Many people charged with crimes end up pleading guilty to the offense in order to accept reduced jail time or to avoid jail time. If you plead guilty to the offense, you may still face some jail time, high fines, and other consequences. It is important to talk to an attorney for guidance on your case and to avoid pleading guilty to a crime just to end the case quickly. With the added pressure of having to travel to address your charges, you may be tempted to simply plead guilty, but this may impact your freedoms and rights.

    For help with your case, contact our Cape May criminal defense attorneys for out-of-state defendants. We can help you fight your charges so you can go back home.

    Common Charges in New Jersey

    Some of the most commonly charged crimes in New Jersey are minor crimes. Still, these offenses can carry severe penalties including up to 6 months in jail and fines up to either $500 or $1,000. These minor criminal charges include crimes such as the following:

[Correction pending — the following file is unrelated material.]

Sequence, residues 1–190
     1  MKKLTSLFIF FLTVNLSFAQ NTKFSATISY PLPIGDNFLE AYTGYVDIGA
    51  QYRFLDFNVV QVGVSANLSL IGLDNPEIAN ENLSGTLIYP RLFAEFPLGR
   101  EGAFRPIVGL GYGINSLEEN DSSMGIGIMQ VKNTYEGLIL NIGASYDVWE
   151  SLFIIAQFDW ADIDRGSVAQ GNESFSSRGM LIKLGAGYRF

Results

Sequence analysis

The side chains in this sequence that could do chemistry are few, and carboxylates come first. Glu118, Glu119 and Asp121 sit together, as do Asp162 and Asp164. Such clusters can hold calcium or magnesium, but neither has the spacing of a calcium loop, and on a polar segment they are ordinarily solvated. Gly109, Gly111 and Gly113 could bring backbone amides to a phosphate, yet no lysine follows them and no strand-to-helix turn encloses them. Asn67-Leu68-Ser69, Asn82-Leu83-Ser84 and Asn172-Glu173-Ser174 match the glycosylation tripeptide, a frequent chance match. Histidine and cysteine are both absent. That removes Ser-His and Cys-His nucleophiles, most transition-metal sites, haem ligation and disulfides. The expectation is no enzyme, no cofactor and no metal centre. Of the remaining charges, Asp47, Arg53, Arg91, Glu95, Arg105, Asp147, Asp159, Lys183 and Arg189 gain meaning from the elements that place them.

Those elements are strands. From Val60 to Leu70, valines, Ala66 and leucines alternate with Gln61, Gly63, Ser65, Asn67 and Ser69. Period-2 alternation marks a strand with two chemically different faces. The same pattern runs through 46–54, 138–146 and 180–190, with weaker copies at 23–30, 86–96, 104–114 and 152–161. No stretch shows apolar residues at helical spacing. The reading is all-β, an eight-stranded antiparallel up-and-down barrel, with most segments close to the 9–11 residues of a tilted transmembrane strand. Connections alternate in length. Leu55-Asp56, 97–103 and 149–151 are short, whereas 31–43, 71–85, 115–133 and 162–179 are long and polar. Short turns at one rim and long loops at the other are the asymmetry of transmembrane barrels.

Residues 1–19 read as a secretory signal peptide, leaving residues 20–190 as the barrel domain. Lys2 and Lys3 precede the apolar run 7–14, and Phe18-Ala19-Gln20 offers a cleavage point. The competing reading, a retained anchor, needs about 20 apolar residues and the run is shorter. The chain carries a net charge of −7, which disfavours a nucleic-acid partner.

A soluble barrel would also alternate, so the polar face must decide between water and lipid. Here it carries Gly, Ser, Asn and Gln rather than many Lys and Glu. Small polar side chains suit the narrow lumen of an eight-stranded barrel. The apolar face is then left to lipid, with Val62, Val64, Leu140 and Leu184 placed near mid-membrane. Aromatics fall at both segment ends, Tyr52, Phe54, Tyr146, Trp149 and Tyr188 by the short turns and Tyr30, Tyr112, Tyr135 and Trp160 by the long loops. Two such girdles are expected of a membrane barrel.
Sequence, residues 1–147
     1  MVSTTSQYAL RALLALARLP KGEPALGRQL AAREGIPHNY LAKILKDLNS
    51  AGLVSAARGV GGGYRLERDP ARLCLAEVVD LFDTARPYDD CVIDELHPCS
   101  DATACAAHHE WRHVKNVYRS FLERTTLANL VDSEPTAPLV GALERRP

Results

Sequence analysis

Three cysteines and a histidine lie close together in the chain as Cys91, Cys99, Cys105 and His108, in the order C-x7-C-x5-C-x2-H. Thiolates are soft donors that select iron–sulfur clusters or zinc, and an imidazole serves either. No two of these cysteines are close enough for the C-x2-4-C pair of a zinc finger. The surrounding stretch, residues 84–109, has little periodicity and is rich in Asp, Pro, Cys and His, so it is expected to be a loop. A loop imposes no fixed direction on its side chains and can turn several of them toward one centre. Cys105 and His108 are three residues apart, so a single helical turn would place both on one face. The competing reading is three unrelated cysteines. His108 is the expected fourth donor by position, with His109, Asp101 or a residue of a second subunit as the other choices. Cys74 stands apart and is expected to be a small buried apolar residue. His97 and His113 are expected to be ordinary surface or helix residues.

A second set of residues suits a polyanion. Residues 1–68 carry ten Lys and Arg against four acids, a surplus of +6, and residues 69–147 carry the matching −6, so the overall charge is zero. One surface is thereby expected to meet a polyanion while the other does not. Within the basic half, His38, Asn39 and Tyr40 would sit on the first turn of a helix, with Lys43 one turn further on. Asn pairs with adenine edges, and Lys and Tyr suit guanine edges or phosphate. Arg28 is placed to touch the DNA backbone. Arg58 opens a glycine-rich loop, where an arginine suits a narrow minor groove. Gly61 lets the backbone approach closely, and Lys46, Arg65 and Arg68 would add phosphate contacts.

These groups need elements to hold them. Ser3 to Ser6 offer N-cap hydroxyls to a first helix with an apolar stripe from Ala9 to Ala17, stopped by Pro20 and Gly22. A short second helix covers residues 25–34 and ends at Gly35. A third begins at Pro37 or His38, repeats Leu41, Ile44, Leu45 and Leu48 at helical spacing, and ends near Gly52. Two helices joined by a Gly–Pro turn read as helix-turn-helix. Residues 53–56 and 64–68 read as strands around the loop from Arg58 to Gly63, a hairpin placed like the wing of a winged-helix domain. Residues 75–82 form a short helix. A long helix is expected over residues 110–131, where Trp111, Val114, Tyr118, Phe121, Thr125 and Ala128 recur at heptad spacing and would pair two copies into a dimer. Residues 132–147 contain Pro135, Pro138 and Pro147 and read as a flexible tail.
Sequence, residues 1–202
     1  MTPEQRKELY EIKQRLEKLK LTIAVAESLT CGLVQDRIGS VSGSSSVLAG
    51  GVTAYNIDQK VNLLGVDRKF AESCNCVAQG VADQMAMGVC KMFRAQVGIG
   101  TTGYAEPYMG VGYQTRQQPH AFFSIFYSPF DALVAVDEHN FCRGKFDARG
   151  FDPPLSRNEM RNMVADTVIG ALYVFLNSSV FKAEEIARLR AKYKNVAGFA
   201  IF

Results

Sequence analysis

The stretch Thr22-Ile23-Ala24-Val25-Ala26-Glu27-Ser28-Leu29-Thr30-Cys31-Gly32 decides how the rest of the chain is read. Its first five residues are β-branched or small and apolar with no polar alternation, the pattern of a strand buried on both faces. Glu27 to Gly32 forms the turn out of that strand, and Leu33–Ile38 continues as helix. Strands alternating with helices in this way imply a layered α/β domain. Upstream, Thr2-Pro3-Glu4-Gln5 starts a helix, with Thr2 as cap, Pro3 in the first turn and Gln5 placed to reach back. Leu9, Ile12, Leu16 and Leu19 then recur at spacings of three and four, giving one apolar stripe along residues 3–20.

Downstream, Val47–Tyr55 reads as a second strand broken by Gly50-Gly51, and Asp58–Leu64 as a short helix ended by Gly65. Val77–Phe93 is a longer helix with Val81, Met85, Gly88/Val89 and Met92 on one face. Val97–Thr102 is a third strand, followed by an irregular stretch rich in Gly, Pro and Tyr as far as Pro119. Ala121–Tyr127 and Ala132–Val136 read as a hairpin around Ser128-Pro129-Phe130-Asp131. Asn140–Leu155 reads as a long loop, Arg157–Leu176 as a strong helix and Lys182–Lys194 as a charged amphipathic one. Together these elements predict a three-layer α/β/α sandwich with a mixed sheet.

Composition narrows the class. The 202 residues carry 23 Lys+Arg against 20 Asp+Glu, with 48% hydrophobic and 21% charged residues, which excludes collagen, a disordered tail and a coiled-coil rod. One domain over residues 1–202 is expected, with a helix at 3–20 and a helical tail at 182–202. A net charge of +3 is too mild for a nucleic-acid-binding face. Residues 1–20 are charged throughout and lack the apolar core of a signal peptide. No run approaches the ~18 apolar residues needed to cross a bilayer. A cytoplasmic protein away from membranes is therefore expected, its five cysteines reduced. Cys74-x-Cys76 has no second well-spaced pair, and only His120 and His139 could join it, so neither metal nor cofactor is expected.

• Theft/shoplifting
    • Disorderly conduct
    • Assault
    • Possession of a small amount of marijuana

    More serious offenses can lead to increased jail time or other penalties such as a license suspension. Drunk driving charges, for instance, can lead to jail time and a suspended license. When your driving privileges are revoked in New Jersey, your home state will often suspend your drivers’ license as well. Other charges for sexual assault, aggravated assault, high-value theft, burglary, robbery, and other serious offenses can lead to multiple years of jail time and fines in the thousands or hundreds of thousands of dollars.

    In Atlantic City, many people are arrested each year for crimes that take place in a casino. Our casino crime lawyers can represent you on charges like assault in a casino, theft from a casino, and other offenses committed on the casino floor or in a casino hotel.